If what you're really trying for is the effect of all the chemical tricks, plus chicken bouillon try FAB -- because that's what it is.  If you like it, you can always tweak it or even create your own version.  But you're better off starting with a baseline rather than whistling in the dark and throwing darts.  

About the glaze... in competition it's usually not a good idea to get too far from what everyone else is doing, no matter how good it is.  Even if all you're looking for is a little gloss, a jus, even a butter mounted jus, is probably not safe -- no matter how good.  And, if you absolutely must use a jus -- in contrast with a white stock you'd use to inject -- use roasted chicken stock (with everything "caramelized" before the stock is made), as it will give you a more desirable surface color.

For comp try and be better without being too different.  Judges want excellence without creativity.  There are perfectly good reasons for this, too.  Consistency of judging is the main one. 

First rule of KCBS and MIM:  Don't be the only one.

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Joined Oct 3, 2010
Thanks guys.

Yes I have tried and still use a brine as well. Have tried several different things in the brine and found that a little salt and pepper is best in my case. As BDL implys the judges really just want the best quality product , my words.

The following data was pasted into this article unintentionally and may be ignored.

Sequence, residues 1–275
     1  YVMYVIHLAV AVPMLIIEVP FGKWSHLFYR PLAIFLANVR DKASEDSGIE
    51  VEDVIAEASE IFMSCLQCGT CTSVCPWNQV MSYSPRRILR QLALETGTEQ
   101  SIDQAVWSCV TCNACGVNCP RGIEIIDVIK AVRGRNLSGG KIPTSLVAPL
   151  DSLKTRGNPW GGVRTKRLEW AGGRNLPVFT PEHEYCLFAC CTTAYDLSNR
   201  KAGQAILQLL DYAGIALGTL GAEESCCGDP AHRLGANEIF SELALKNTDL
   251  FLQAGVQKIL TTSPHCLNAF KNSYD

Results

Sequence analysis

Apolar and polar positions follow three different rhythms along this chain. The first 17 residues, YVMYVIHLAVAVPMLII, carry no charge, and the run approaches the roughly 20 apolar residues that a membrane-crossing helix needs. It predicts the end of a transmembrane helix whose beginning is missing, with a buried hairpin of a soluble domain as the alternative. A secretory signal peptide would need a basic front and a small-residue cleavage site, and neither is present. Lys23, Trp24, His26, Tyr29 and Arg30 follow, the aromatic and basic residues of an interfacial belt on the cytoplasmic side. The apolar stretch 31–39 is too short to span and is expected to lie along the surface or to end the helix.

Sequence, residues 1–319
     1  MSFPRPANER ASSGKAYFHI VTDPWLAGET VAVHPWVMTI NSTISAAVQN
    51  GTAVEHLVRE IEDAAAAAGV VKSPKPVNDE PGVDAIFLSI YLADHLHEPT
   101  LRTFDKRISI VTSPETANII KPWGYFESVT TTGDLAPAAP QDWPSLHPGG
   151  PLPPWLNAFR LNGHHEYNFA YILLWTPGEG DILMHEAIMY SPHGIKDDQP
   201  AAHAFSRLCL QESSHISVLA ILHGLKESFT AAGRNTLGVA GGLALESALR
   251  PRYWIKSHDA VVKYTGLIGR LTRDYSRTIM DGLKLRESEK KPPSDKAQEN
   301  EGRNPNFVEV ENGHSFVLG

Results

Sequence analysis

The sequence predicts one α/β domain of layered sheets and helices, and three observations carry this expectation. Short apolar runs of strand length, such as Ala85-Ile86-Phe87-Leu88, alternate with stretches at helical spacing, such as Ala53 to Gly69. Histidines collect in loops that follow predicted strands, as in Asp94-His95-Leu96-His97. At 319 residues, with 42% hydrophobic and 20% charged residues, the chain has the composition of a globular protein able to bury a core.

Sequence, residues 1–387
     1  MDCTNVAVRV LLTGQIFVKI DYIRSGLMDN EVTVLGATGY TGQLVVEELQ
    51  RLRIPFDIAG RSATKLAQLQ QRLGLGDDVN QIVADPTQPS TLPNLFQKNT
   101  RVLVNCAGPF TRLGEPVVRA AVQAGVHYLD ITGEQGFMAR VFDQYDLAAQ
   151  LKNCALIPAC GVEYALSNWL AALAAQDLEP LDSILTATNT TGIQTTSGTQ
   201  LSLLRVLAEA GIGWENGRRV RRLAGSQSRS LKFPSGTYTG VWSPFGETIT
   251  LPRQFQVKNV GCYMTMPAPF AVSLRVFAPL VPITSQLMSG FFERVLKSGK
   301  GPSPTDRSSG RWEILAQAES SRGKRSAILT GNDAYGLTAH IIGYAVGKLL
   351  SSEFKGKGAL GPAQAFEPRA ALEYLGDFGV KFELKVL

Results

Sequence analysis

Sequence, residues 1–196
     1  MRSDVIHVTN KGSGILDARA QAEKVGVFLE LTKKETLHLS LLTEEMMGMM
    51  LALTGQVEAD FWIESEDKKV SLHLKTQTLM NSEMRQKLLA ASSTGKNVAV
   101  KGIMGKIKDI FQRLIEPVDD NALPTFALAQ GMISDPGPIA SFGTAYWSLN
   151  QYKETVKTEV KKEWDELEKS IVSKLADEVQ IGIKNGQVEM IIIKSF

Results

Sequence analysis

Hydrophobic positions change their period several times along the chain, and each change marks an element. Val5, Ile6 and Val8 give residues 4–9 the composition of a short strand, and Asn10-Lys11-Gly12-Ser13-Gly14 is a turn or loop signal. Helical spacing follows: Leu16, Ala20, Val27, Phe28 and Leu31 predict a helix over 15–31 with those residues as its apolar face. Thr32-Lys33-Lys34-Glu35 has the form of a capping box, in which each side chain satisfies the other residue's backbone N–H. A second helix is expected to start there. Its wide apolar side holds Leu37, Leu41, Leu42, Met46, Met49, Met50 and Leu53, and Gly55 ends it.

However in Q comps this is what they look for: 1 appearance 2 smell 3 taste 4 texture/ tendernes 5 flavor, flavor being the most influential one for a good score.

Meat cannot be prepped or seasoned or marinated before inspection, usually 6pm friday night, turn in times around noon next day so a little brine works well and then seasoning before cooking. Have consistently been a top ten chicken my ways and techniques and occassionaly top two or three, we're talking 50 to 100 teams btw. Looking for a better more cinsistent 1st to 3 places.

We dont have professional judges or cooks/chefs to judge our entries, just regular folks walking by or who happen to be at the events. Talking IBCA in Texas btw. Some regions like pecan some hickory some mesquite some bbq sauce on the chicken and to some it is sacriligious to do that. So the most inconsistent thing in our events is actually the judges but a good bbq is usually consistently top ten anywhere nonetheless, youd be surprised what some people turn in  he he.